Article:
Growing jobs in Georgia is the centerpiece of Governor-elect Nathan Deal’s plan to fix the state’s economy. But one idea—a cut to the corporate tax rate—is getting plenty of debate.
Nathan deal wants to cut up to one-third of the taxes businesses now pay. His office estimates such a cut would take 240 million dollars out of the budget But, officials say, the gains might be bigger when the cuts attract more business to Georgia .
Alan Essig is not so sure. The executive director of the Georgia Budget and Policy Institute says there is only a marginal benefit.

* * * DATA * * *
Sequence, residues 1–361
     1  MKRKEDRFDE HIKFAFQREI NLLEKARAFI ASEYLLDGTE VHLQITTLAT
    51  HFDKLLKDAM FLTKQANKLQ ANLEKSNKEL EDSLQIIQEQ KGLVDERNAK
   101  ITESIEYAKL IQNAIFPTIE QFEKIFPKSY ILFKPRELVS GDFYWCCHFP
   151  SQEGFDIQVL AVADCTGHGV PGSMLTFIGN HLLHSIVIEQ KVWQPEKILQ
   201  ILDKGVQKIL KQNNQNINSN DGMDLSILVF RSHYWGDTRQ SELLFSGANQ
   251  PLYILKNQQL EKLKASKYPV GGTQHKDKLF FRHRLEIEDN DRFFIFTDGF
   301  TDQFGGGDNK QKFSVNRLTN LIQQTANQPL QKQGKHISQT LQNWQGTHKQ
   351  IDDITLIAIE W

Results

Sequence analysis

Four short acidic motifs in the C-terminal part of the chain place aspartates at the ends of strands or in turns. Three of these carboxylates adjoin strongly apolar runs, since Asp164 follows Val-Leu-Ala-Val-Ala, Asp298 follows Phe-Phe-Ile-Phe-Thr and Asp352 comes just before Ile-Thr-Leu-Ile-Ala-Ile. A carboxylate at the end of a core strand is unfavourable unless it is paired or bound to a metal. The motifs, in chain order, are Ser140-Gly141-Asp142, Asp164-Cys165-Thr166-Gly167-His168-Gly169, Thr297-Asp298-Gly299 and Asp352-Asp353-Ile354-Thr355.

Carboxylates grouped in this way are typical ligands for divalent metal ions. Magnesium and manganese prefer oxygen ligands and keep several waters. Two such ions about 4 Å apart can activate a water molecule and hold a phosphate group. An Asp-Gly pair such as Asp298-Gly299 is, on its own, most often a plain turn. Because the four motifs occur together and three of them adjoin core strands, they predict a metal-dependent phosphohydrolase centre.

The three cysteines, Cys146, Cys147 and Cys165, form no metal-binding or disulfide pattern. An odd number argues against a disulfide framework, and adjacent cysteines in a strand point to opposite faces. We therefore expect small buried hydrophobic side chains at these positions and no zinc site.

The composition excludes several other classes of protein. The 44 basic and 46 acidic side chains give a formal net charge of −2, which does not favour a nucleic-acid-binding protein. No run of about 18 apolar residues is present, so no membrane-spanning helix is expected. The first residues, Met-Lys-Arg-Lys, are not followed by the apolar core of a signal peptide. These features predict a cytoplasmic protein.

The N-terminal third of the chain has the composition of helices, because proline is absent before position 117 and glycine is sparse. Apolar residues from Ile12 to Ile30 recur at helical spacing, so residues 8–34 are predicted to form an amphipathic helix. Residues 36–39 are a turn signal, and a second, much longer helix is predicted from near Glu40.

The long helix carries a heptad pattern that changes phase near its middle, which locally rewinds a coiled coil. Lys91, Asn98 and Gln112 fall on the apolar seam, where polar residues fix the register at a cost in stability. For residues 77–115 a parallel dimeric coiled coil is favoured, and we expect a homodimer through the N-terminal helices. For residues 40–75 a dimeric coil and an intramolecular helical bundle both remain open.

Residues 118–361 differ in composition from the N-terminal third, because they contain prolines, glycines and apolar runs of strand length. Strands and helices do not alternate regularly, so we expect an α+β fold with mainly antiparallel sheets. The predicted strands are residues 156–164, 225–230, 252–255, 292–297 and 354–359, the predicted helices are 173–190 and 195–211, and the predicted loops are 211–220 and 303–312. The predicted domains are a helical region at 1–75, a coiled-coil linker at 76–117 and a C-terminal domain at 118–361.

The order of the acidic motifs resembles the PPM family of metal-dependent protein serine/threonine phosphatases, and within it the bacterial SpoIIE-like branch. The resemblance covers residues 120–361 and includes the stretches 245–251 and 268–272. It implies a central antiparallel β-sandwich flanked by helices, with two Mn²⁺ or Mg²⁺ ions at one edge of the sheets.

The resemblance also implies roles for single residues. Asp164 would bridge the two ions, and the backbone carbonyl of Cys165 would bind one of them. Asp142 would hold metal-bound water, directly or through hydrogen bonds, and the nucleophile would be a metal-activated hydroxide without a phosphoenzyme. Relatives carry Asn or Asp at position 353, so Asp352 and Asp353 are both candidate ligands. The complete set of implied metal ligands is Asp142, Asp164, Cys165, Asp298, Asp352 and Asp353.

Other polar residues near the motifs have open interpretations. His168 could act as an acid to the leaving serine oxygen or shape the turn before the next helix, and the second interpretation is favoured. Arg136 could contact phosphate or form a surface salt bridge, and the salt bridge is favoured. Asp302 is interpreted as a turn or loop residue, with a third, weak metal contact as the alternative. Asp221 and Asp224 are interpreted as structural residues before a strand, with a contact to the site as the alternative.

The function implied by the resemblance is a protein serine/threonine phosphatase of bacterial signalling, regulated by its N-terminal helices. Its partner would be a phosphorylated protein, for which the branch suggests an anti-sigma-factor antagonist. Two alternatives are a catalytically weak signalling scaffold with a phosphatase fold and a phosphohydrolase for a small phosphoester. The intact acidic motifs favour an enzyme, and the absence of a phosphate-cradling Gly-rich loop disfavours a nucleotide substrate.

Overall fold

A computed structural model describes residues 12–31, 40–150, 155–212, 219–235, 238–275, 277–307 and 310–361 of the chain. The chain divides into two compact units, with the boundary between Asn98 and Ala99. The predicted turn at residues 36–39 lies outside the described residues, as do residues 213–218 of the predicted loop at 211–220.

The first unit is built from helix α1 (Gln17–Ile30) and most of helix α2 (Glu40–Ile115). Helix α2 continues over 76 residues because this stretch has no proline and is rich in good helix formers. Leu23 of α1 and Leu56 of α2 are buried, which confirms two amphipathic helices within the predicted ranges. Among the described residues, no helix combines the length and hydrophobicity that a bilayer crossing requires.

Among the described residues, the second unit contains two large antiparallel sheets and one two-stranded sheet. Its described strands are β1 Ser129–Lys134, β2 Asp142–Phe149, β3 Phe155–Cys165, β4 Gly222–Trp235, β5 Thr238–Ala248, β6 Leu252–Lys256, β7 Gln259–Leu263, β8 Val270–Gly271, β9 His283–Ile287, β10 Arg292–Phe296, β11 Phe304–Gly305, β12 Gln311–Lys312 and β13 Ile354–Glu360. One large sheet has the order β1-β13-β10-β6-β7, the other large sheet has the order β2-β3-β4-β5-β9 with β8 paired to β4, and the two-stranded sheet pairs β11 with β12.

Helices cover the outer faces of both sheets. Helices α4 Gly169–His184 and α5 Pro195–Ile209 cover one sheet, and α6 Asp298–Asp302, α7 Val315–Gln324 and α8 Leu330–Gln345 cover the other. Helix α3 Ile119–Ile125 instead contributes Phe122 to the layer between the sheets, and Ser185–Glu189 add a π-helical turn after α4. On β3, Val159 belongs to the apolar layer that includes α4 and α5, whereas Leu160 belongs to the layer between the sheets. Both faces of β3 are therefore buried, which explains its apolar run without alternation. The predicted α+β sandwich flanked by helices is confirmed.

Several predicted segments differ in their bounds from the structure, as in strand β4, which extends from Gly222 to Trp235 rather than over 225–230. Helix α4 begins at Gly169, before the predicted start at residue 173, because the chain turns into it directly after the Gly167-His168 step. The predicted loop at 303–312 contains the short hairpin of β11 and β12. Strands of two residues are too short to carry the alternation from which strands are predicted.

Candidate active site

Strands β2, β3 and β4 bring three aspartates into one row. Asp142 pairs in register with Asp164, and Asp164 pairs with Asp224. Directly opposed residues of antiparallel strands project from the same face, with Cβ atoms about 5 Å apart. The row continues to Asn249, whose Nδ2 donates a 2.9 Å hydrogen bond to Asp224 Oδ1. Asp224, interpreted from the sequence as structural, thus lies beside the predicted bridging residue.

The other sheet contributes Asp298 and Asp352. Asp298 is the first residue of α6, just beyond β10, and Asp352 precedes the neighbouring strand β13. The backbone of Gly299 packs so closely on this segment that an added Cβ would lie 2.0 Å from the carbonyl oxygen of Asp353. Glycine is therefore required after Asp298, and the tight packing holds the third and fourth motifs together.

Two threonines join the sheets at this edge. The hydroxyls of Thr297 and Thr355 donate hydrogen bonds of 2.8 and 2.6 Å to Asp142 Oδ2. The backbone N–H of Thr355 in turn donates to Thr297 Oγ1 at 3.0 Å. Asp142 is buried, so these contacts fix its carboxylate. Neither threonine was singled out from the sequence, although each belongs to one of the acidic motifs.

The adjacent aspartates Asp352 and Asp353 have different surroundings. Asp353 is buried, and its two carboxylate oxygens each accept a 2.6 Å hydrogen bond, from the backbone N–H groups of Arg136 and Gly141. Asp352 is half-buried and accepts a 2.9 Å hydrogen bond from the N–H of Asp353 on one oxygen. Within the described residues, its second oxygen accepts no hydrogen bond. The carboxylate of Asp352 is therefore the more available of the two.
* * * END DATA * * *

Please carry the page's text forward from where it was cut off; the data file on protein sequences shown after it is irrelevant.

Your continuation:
“The one impact we know it will have is that it will bring in less revenues. And that means teachers, health care workers, state patrol officers—will lose their jobs.”
Deal spokesman Brian Robinson says unfortunately, there’s pain ahead anyway for state jobs and services:
“No matter what we do on taxes, Georgia’s government is going to shrink this year. There’s no way around it.”
Meanwhile a separate tax reform council is looking at ways to change the state’s tax code. Whether a cut in corporate tax is included is not yet known, yet.